Morpho-physiological reactions of gravisensitivity and adaptation to UV-radiation of the moss Bryum Caespiticiumhedw. from Antarctica

1Kyyak, NYa., 1Lobachevska, OV, 1Khorkavtsiv, Ya.D
1Institute of Ecology of the Carpathians of the National Academy of Sciences of Ukraine, L’viv, Ukraine
Space Sci. & Technol. 2021, 27 ;(5):06-06
Publication Language: Ukrainian
Abstract: 
The adaptive physiological reactions of the moss Bryum caespiticium Hedw. from Antarctica to the influence of UV radiation and gravimorphoses as a factor of adaptive plasticity, associated with environmental conditions, were studied. As a control, B. caespiticium plants were collected in the Nature Reserve “Roztochchia” (Lviv region). In investigations, we used a sterile laboratory culture of mosses grown under controlled conditions in a phytotron. Moss shoots were irradiated with UV rays generated by an ultraviolet lamp OSRAM with an intensity of 4 kW/m2, which caused 50 % inhibition of plant regeneration (ED50). Physiological parameters were determined 24 h after exposure to UV radiation.
           The influence of gravity on the morphological form of B. caespiticium gametophyte turf and the interaction of light and gravity in gravi-/phototropism as a manifestation of gravimorphoses adaptability were analyzed. One of the objectives was to investigate the formation of gravimorphoses as a result of the initiation of cells’ branching processes and the formation of gametophore buds and to evaluate their role in the life cycle of B. caespiticium under extreme conditions. For this, we determined the branching coefficient of the gravitropic protonema, the inclination angle of the branches and the buds’ development depending on the interaction of photo- and gravitropism, under the influence of red and blue light, and the effect of UV on gravisensitivity.
           The influence of physiologically active red and blue light on the branching activity and bud formation on the gravitropic protonema of the Antarctic moss B. caespiticium was investigated. It was found that red light mainly inhibited graviperception and gravitropic growth of protonemata cells, resulting in a change of the response to gravity, but initiated high branching activity and, accordingly, another morphological form of turf. After the influence of the blue light, intensive bud formation and gametophore development were observed. Thus, gravitation promoted  morphological variability and changes in the functional activity of cells at the juvenile stage of the protonemata development, which is important for the survival of the moss under extreme environmental conditions. After UV irradiation the gravisensitivity of the B. caespiticium protonemata decreased. However, due to the resistance of the moss sample from Antarctica to the prolonged influence of UV rays, gravitropic growth was not completely blocked, as in plants from the Lviv region.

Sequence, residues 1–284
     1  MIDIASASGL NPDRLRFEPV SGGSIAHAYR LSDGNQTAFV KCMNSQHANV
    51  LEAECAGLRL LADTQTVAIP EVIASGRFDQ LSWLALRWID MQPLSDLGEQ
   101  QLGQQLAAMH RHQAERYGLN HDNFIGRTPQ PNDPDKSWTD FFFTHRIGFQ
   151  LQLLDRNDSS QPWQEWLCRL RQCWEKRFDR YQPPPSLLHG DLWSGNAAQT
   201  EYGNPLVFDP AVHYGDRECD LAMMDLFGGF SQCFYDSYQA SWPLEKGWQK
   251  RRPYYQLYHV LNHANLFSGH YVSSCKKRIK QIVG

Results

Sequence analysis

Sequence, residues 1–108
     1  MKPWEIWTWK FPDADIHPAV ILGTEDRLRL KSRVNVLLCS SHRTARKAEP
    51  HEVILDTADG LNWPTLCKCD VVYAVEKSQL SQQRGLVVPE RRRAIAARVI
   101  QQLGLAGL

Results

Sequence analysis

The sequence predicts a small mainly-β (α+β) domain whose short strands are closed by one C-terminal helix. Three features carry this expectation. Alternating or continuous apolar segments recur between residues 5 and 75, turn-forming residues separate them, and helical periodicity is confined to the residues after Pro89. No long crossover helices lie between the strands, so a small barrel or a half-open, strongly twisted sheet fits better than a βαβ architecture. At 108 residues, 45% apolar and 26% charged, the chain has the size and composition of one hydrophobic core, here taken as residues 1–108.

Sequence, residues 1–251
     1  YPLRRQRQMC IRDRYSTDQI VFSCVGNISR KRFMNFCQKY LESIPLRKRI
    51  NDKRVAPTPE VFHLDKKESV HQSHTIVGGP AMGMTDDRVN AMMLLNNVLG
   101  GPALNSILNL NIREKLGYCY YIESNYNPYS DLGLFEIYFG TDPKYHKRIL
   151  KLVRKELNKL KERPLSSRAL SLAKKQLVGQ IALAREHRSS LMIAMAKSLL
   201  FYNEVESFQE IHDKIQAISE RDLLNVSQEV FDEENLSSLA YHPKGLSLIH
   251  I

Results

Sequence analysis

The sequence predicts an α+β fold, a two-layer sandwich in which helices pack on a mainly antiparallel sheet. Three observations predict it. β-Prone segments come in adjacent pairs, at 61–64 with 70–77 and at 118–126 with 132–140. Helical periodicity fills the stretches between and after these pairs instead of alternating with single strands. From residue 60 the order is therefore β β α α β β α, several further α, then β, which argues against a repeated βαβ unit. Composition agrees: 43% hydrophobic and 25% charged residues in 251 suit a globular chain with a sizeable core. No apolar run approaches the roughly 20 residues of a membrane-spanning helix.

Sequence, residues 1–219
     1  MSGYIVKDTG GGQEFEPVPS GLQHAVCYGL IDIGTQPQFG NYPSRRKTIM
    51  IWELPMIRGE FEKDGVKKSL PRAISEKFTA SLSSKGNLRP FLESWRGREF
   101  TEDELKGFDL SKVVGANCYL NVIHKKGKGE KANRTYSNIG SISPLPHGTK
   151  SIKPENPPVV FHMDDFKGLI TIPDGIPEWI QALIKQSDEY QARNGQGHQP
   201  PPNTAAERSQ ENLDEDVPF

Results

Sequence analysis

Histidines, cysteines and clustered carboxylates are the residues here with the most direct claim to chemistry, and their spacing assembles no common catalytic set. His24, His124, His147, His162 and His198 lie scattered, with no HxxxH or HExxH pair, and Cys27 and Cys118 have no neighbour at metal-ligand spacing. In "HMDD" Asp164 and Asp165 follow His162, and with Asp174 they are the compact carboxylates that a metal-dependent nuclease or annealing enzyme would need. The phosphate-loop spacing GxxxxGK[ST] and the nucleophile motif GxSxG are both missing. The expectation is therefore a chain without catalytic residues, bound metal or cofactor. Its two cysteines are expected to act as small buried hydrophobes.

The effect of the ultraviolet irradiation on the antioxidant activity, the content of soluble (vacuolar) and cell wall-bound fractions of UV-absorbing phenolic components, flavonoids content and their absorption spectra, as well as the amount of carotenoids and anthocyanins in B. caespiticium shoots, were determined. It was established that B. caespiticium plants from Antarctica have 1.5 times higher antioxidant activity compared to plants from the Lviv region, which confirms the high level of protection against oxidative damage. UV irradiation activates the synthesis of UV-absorbing phenolic compounds in mosses. The shoots of B. caespiticium from Antarctica defined a higher content of phenols compared to samples from the Lviv region and their significant increase under the influence of UV radiation. The content of UV-absorbing compounds bound with the cell wall was higher than the concentration of soluble phenolic compounds, both in plants from Antarctica and in samples from the Lviv region, which indicates their participation in the mechanisms of cells protection from UV radiation.
           It was shown that the influence of UV irradiation induced an increase of flavonoids’ content in the shoots of both samples of B. caespiticium, but for plants from Antarctica, the concentration of flavonoids after stress was 1.7 times higher than in plants from the Lviv region. The absorption spectra of flavonoids revealed flavonols rutin and quercetin and flavone luteolin in both samples of B. caespiticium, which provide effective cells absorption of UV rays. The higher content of anthocyanins and carotenoids in moss shoots from Antarctica both in the control sample and after the exposure to UV radiation promotes the protection against damage and formation of the adaptive potential.
Keywords: Antarctica, antioxidant activity, flavonoids, gravi-dependent growth reactions, mosses, phenols, UV irradiation